Sources say Boston, Philadelphia law firms in merger talks
The Boston law firm Nixon Peabody is in merger talks with Blank Rome in Philadelphia, two sources familiar with the talks said Friday.
The two law firms have been in discussions for at least two months, according to a third source with direct knowledge of the talks. The merger would create the 33rd largest U.S. law firm, according to financial figures for the year 2012 reported to the legal trade magazine American Lawyer.Blank Rome managing partner Alan Hoffman declined to confirm or deny the merger discussions, though he said no merger was imminent.
“I talk to firms all the time,” Hoffman said. “I heard one rumor that we’re going to merge with Nixon Peabody in January, and that’s completely false. We are not on the verge of merging with anybody.”Nixon Peabody Chief Executive Andrew Glincher did not immediately respond to requests for comment. A spokeswoman for the firm declined to comment on any merger talks.
Nixon Peabody, with more than 600 lawyers in the United States, Europe and Asia, specializes in advising corporations and financial institutions on regulatory matters, litigation and corporate transactions. In 2013, it represented investment company StoneCastle Financial Corp., media company Gannett Co. and drinks company Constellation Brands, according to press statements by the firm.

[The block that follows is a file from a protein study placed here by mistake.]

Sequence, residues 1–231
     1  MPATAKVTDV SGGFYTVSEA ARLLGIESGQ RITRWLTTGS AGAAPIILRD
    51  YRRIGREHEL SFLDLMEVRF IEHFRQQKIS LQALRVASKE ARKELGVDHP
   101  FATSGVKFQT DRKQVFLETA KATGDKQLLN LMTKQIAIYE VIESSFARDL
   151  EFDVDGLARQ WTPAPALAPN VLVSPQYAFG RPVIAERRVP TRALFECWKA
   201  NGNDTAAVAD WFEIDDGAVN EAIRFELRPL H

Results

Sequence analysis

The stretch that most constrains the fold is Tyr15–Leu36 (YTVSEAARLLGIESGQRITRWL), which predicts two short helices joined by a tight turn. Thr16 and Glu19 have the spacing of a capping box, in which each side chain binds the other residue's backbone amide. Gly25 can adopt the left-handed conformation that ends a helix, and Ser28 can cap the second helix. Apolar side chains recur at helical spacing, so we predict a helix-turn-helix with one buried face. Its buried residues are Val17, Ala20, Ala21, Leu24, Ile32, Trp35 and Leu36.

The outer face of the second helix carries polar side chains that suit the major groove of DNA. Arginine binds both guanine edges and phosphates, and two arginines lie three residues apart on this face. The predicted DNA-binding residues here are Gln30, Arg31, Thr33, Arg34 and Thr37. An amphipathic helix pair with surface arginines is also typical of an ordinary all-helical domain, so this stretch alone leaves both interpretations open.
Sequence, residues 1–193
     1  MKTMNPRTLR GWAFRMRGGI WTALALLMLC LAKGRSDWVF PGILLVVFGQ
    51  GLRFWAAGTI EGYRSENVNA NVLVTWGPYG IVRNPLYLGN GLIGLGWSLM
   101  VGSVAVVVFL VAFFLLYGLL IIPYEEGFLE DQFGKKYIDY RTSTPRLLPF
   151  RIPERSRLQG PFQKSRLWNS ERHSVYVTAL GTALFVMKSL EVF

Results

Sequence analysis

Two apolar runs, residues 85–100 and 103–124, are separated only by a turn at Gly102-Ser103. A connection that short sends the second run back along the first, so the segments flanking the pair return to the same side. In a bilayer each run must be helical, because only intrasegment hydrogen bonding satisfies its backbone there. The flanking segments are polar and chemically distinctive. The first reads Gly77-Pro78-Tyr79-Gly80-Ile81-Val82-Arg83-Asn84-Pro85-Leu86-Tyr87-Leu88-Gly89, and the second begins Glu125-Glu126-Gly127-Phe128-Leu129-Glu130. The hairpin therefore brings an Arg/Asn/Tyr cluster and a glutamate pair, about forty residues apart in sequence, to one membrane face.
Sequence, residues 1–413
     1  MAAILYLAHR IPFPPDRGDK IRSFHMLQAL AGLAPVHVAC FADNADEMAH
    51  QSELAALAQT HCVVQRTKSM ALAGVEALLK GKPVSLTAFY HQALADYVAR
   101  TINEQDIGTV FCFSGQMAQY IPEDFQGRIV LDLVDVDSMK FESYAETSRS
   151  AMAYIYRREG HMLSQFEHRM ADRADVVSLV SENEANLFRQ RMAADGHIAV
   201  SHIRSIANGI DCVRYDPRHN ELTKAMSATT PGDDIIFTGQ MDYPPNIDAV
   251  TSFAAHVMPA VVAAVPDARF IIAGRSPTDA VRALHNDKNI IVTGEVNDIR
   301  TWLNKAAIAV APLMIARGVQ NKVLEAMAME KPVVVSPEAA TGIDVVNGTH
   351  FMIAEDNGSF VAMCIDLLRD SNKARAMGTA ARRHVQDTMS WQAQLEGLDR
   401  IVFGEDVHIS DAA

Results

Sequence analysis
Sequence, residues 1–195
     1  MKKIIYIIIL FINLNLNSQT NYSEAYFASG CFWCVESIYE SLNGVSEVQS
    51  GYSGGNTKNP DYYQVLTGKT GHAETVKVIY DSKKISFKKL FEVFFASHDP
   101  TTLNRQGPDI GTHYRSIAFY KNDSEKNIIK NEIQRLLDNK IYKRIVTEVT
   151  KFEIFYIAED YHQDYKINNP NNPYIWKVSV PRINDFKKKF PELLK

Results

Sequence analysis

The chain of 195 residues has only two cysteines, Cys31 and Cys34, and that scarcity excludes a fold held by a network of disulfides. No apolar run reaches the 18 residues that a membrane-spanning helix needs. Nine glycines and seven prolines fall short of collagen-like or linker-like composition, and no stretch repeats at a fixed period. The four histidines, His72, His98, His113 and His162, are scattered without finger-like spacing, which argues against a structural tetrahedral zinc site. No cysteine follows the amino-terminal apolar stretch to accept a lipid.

In December the firm hired Brian Kelly, the former U.S. attorney who tried gangster James “Whitey” Bulger. Kelly was the latest high-ranking government official to be employed by the firm.
Both Nixon Peabody and Blank Rome have government affairs practices. In March, Nixon Peabody hired Scott Brown, the former senator from Massachusetts, in its Boston office.
Blank Rome has nearly 500 lawyers in the United States and Shanghai, and specializes in corporate litigation, labor and employment, government relations, real estate and bankruptcy.
At least 87 mergers among U.S. law firms have been announced in 2013, a particularly active year, according to legal consultancy Altman Weil.